On the 4th gen stuff, I had GEN problems when the AC/heater fuse was out (strange).
 

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Guess I could have spelled it out, just thought the Drawing would explain the Wire hook up for the Exciter part of the Alternator as JeffsNickle9 was explaining. So here it is
Electrical - Wiring up the Alternator
NOTE: BLACK WIRE IN PHOTO IS JUST AN ADDED EXTRA GROUND I ADDED TO THE FIRE WALL, I LIKE GROUNDS, LESS ISSUES WITH BAD GROUNDS THAT WAY. But it won't be in your Harness. ***See Trouble shooting note at bottom of Page ***


GM

One of best inventions in the early 70s, is the three wire alternator. The voltage regulator is built into the alternator. This makes it very easy to wire up and it also has the added benefit that the voltage regulator is no longer a mechanical device but now semiconductor based - no adjustments!
There is a common misconception about alternators and the term one wire alternator is often thrown about. Most people mistakenly identify a 3 wire alternator as a one wire alternator (I know, I was one of those). A one wire alternator was only used for limited applications and has distinct disadvantages. The 3 wire alternator is a proven design and has been used for the past 30 years starting in the late 60s, early 70s. .

3 wires are actually used plus chassis ground



There are 3 wires needed to run it and the case provides the path to chassis ground Even though there are 3 wires, it is very easy to wire up. Here's a desorption of the wires:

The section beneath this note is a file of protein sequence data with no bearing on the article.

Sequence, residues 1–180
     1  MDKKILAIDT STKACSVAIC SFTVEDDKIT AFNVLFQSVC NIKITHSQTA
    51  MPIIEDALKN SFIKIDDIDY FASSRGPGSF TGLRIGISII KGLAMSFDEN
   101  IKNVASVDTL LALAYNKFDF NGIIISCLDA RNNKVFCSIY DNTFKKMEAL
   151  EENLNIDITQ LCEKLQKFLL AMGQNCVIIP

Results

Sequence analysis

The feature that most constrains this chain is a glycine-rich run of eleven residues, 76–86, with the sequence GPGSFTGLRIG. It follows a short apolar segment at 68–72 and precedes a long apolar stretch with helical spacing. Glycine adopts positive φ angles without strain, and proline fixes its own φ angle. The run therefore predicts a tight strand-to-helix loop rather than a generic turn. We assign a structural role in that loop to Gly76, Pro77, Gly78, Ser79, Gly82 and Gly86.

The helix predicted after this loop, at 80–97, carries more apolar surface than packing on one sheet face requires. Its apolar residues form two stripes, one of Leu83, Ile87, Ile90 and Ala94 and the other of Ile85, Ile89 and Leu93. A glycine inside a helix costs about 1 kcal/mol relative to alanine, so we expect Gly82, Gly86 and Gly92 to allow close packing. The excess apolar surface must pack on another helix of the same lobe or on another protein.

• Battery positive (Bat+)
    • connect to starter +12V battery wire
    • use 10 ga wire (thick)
    • Screw on terminal on the back of the alternator
  • Voltage sensing line
    • connect to the Bat+ close to the firewall
    • Senses and adjusts the +12V were it is needed
    • use 14 ga wire (thinner)
    • Pin 1 of the push in connector on the alternator
  • Ignition On input
    • When the ignition switch is turned on, power from the ignition switch turns on the alternator
    • Pin 2 of the push in connector on the alternator
    • use 18 ga wire
    • In the above pictures, you can see a black wire that is connected to the alternator mounting bracket. I ran an extra ground wire from the firewall directly to the alternator's mounting bracket just cause I'm paranoid about bad grounds. Normally the engine has a ground strap between it and the firewall which provides an excellent ground. I've painted all my parts and want to make it 100 percent sure. Most likely it is not needed as millions of cars work perfectly fine without it.
Between the starter and the battery is a short piece of wire about 1" long that is a smaller gauge than the main wire. It is a fusible link. The idea is that if there is a catastrophic short in the wiring harness, the fusible link will burn up before the rest of the wiring harness. It operates on the same principle as a fuse.